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You just have to visit the page you have added the Lead Generator shortcode
[immonex-lead-generator]to in the website frontend. Here, select a property type and then click yourself through the given form pages. On the last page, enter your own email address and submit the data. You will then receive a submission confirmation mail as well as an admin notification if your mail address is also the site’s admin address or stated as recipient address in the plugin configuration (email tab).
(Of course, the WordPress installation itself must be able to send mails.)
You mean the submission confirmation mails sent to the prospect and/or the admin notifications? Just submit a request via the lead generator in the site’s frontend with your own mail address.
some quick questions:
Do you use the Lead Generator Plugin in a WP multisite installation?
Is the update link visible on the plugin overview page? If so, which error message is being displayed when you try to update the plugin?
We’ve released an update today that fixes this as well as some other compatibility issues (version 1.2.6).
one important question ahead: Is really the (now outdated) theme-based “wpCasa” in use in your project that has been discontinued by the end of 2015?
(The current, plugin-based framework version with the slightly different spelling WPCasa is supported by immonex OpenImmo2WP only, but not by its predecessor OpenImmo2wpCasa.)
you can omit the “Kundennummer”, it’s not used in website imports. If it’s a mandatory field, just insert a 1.
Die deutsche Version des OpenImmo2WP-Support-Forums findest du übrigens hier. 😉
the settings in the screenshot already look good, you should only activate the “Teilimport” option, too.
I suppose that the credentials not shown in the screenshot (“FTP Server”) belong to an FTP account that directly points to the website’s import folder (…/wp-content/uploads/immonex-openimmo-import). Otherwise, the path to this directory has to be stated, too.
BTW: You are an English native speaker?
The POT file is the base template that contains all current translatable strings of the plugin in English. This file does not contain translations itself, it’s used by tools like Poedit or Loco Translate for creating and updating the actual translation files (po).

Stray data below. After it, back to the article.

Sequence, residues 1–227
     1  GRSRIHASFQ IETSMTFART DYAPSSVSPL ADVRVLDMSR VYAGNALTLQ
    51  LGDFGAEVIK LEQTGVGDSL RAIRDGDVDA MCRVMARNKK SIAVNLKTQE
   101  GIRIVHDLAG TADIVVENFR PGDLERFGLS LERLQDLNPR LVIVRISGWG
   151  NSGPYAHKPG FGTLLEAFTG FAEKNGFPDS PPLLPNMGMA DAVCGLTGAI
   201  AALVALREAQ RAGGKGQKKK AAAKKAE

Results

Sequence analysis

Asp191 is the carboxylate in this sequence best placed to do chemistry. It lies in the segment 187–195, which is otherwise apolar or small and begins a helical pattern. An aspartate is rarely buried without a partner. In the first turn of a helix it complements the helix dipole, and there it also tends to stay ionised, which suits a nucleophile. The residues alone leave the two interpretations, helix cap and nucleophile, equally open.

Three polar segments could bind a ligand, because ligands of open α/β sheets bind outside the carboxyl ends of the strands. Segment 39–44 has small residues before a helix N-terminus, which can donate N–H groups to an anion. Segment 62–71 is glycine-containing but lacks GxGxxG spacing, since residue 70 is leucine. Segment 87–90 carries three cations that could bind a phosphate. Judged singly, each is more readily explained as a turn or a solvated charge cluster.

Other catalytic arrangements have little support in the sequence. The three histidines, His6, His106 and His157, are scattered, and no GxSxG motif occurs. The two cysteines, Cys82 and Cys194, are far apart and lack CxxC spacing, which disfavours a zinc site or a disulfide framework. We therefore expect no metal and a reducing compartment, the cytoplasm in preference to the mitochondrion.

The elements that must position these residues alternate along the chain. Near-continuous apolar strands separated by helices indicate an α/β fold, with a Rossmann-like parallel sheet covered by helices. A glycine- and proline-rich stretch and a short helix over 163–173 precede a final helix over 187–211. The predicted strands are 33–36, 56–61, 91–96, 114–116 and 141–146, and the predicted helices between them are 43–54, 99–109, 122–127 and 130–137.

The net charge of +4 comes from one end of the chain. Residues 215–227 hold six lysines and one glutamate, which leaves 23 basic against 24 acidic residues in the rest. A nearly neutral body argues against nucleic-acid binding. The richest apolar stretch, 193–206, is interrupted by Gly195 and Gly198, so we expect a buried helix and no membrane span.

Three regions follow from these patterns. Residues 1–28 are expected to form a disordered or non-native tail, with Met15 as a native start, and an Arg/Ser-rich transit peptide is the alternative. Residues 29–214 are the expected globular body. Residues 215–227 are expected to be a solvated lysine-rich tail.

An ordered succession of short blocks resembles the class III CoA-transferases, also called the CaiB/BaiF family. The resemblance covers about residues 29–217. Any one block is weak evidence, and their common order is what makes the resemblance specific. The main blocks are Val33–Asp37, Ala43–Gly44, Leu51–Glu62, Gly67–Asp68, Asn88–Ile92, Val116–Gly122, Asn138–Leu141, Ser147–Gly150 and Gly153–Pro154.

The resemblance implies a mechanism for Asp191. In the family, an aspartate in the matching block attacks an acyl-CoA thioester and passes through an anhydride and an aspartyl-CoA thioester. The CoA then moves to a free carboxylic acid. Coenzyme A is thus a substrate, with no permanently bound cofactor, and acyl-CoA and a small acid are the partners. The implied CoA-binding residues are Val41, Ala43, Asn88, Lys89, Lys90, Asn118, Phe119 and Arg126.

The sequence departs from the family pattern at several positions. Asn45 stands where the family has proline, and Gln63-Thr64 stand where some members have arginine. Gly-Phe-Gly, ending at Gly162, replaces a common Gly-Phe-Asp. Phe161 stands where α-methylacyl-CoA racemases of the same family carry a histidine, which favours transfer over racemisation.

When using Loco Translate, you don’t have to manually create or move any translation files related to our plugin. The basic workflow is as easy as follows:
1. Select “Loco Translate > Plugins > immonex Energy Scale Pro”
2. New language: Spanish, Location: System (languages/plugins/immonex-energy-scale-pro-es_ES.po)
3. Start translating
4. Save… that’s it!
If the the site’s main language or the language of the currently logged in user is Spanish, the new translations will automatically be used. (Depending on the WP environment, there may be additional configuration steps if a translation management solution like WPML or Polylang is in use.)
yes, that’s possible “the default WordPress way”: In the languages subfolder of the Energy Scale Pro plugin directory (or the respective ZIP archive) you can find a current POT file (immonex-energy-scale-pro.pot). Use this one as base for creating a PO/MO file pair (e.g. with Poedit) with the Spanish translations named immonex-energy-scale-pro-es_ES.po/mo.
After that, copy the PO/MO files with the finished translations to the global WordPress plugin translation folder …/wp-content/languages/plugins. (This way they are “update-safe” and will not be overwritten on plugin updates.)
As an alternative, you can also use a plugin like Loco Translate for this job.
we could not yet reproduce the duplication issue in our test environments, so we would have to take a look at the backend of your site. Would it be possible that you create a temporary WP admin user for us (mail address: email@example.com).
Issue No. 2: The category names as well as various other terms come from the mapping table used during import. In fact, the default table only contains English and German terms. These are not translated automatically, so you have add the Spanish translations by creating (or extending) an individual mapping table:
1. Copy the source version (ODS) of default mapping file – houzez.ods – from the folder …/wp-content/plugins/immonex-openimmo2wp/mappings or directly from the plugin ZIP archive.